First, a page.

Term used to describe the long rectangular dining tables of the 17th century and later.
A dining table with the top made of sawn planks. The legs are normally turned on a lathe and often carved.
The modern term for the predominant table design of the 15th to 17th centuries. Also known as joined or long tables, they are usually of oak and the top is joined to a fixed frame. Sturdy legs at the corners are linked by stretchers which doubled as footrests to avoid contact with cold stone floors. Refectory tables were common kitchen and farmhouse furniture until the 19thC.
A long narrow table made in the seventeenth century. The earliest form of dining table.
a long narrow dining table supported by a stretcher between two trestles
A long and narrow table having stretchers close to the floor. These were used in monasteries for the monks to take their meals while seated on one side only of the table. American antique dealers often refer to the French draw leaf table as a refectory table as well.
A long, narrow dining table; originally used in monasteries for community dining.
Long, narrow table named after the refectory (dining room) of the monks in of the Middle Ages, in which it was first used.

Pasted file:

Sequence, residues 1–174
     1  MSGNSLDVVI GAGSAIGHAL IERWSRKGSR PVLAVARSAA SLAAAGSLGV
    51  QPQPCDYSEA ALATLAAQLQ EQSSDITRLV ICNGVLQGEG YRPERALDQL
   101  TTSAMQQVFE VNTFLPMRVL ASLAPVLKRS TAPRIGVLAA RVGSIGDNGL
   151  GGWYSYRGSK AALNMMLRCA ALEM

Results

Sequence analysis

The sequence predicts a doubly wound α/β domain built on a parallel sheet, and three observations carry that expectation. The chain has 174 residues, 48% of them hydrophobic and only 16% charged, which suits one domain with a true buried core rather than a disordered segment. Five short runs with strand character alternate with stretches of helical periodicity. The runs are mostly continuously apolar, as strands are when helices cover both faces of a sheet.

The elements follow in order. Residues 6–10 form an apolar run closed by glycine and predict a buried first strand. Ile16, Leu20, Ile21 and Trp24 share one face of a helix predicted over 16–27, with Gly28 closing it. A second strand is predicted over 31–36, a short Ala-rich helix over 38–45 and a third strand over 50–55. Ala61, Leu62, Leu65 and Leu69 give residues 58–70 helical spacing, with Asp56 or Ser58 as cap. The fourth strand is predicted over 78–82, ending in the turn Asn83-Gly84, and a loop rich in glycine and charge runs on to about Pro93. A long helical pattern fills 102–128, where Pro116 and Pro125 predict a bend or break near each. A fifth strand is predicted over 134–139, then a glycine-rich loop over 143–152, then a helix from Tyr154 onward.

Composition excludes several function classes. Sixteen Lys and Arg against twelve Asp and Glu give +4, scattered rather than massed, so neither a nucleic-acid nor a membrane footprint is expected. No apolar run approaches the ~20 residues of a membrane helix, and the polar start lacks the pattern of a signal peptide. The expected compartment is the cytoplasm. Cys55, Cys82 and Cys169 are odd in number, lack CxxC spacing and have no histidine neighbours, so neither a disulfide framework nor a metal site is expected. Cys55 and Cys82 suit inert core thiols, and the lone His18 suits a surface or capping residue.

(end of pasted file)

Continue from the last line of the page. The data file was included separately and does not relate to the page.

A long narrow table, originally used in the dining rooms of religious orders.
Long narrow table having a single stretcher between trestlelike supports at the ends. A narrow table with extensible ends.
A long narrow dining table named after the refectory of a monastery. Traditionally the piece is made of oak and is accompanied by benches.
A long narrow table with heavy stretchers positioned close to the floor which was originally used by religious orders in the middle ages. Modern adaptations are shorter and have underleaves.
Long narrow table so called after the refectory or dining room of the monks in ecclesiastical institutions of the Middle Ages.
A narrow, long table first used in the dining-hall of religious orders.